Carriers able to buy completely new trucks many times depend on the income from selling their used inventory to offset the cost of new equipment. A new truck can cost approximately $80K for a single day cab up to $200K for a sleeper cab with higher horsepower. Brand-new equipment is expensive and business plans are frequently built around the expectation of being able to sell vehicles for a certain price after a certain number of years. When that price doesn’t materialize, carriers can be faced with challenging businesses decisions.

A fleet can sell its old trucks for less than the budget called for and take a loss, or it can delay replacing the old vehicles. But since older vehicles tend to have higher operating expenses, that, too, represents a loss. Or the fleet can accept over-allowance cost on a new truck when trading the old one to a dealer. That means shifting money from the value of the new truck to the value of the old one, which works out great if used vehicle prices rebound by the time the new truck is due for trade-in.

While the market is favoring lower selling prices due to an oversupply of used trucks, carriers interested in selling can take steps to improve the vehicles they have now in order to make them as attractive as possible to a buyer. That means cleaning and repairing the truck before sale so that vehicles look and perform their best. Performance is key; the truck has to be mechanically sound so that the buyer is really comfortable making the purchase. GPS fleet tracking software can help keep maintenance and diagnostics reports, providing key service data that would otherwise go unseen. By planning ahead with organized maintenance schedules, vehicles can stay in good working order for longer periods of time, thus increasing the truck’s value. Lastly, price the vehicle to reflect the current market so that it has a fair chance of being sold.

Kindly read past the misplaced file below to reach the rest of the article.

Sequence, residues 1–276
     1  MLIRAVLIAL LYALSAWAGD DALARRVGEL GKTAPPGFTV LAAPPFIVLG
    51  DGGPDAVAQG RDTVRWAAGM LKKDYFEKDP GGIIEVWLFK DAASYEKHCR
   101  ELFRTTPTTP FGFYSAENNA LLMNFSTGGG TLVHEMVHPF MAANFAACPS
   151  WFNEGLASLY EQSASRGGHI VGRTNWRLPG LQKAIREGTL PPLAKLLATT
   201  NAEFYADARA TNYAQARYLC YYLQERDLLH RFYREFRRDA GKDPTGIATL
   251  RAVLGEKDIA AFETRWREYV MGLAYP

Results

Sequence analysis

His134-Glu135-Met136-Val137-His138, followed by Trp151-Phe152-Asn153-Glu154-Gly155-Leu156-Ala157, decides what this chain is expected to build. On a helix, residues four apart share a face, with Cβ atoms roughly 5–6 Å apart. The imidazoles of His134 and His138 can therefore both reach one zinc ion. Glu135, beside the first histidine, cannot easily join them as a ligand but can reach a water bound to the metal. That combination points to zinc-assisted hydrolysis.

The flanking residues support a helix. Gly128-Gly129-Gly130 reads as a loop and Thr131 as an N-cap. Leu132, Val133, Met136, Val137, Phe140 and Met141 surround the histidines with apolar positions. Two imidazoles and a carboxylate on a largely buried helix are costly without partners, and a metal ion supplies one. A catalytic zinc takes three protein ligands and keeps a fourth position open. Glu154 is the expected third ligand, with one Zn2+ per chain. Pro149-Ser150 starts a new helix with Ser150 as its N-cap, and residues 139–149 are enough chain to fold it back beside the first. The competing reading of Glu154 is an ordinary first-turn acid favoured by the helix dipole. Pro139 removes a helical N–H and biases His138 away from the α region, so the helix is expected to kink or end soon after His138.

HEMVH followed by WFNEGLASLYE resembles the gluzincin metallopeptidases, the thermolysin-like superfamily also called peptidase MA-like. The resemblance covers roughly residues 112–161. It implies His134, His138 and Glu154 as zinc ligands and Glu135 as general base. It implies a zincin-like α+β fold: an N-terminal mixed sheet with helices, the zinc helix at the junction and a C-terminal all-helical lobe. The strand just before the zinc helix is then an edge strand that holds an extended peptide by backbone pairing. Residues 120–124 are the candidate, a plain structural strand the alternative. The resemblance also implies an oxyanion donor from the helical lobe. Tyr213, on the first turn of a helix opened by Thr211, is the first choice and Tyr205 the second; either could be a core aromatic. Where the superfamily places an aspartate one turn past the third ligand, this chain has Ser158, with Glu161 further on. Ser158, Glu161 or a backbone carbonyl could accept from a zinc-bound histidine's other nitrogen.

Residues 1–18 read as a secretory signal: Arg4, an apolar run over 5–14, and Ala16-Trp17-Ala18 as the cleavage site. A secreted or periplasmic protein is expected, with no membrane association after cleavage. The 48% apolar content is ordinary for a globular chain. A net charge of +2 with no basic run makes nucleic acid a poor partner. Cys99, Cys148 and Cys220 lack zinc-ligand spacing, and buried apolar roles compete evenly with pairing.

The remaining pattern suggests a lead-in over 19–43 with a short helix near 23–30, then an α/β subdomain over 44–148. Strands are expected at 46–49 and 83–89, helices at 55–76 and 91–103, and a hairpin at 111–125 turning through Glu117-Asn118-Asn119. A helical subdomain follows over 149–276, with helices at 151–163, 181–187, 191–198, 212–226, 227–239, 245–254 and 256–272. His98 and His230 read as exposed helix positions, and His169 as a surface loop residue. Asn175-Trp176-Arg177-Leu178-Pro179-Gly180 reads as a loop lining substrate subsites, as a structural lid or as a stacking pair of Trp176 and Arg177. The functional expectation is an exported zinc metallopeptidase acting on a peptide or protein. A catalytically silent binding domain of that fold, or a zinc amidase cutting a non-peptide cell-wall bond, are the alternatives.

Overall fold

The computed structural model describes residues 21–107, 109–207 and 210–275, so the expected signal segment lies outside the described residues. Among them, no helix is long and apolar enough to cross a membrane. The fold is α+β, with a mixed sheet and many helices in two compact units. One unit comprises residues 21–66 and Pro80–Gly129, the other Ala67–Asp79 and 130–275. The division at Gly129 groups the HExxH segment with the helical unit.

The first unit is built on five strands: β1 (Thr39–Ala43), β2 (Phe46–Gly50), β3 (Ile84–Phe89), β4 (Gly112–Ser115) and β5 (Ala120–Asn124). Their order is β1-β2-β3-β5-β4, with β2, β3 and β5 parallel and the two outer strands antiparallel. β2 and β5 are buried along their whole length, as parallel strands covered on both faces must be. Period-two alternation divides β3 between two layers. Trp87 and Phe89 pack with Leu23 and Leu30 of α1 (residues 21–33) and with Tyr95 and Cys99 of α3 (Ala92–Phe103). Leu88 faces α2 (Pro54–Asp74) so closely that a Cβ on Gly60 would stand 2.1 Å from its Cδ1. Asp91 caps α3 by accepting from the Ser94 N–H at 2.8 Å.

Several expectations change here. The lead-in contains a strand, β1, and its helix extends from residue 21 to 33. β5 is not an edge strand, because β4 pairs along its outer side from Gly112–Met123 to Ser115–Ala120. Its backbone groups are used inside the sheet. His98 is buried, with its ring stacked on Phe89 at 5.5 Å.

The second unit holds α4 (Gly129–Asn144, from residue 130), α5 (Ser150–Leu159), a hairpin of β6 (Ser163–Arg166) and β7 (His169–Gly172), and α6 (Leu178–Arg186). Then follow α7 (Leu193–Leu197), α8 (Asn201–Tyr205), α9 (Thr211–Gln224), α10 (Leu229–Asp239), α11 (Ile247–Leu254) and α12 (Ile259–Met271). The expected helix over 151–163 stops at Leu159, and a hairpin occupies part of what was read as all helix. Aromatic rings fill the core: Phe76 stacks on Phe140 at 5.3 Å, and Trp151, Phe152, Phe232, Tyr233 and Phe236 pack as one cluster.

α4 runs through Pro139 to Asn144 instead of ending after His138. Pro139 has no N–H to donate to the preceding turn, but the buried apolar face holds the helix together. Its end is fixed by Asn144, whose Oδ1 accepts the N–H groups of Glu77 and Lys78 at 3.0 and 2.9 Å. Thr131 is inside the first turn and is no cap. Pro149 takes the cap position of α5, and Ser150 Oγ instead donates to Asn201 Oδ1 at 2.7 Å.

Ultimately, the soft resale market will probably be temporary, butkeeping resale value as high as possible with proper maintenance is always a good idea.

*About the author: Oswaldo Flores is a member of Teletrac's marketing team. He is an expert in product management in the transportation sector for the United States and Mexico.  

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Transportation in the Books

02/26/2016 by Parth Raval

The death of Justice Antonin Scalia has brought new attention to the Supreme Court, the nine justices who interpret the nation’s law at the federal level. They make up one of the fundamental bodies of the United States government and are some of the nation’s top legal minds. It may feel like the dealings of this court are far removed from the day-in, day-out work of fleet managers and drivers. In reality, the Supreme Court’s rulings on landmark cases have directly affected how drivers and dispatchers work today.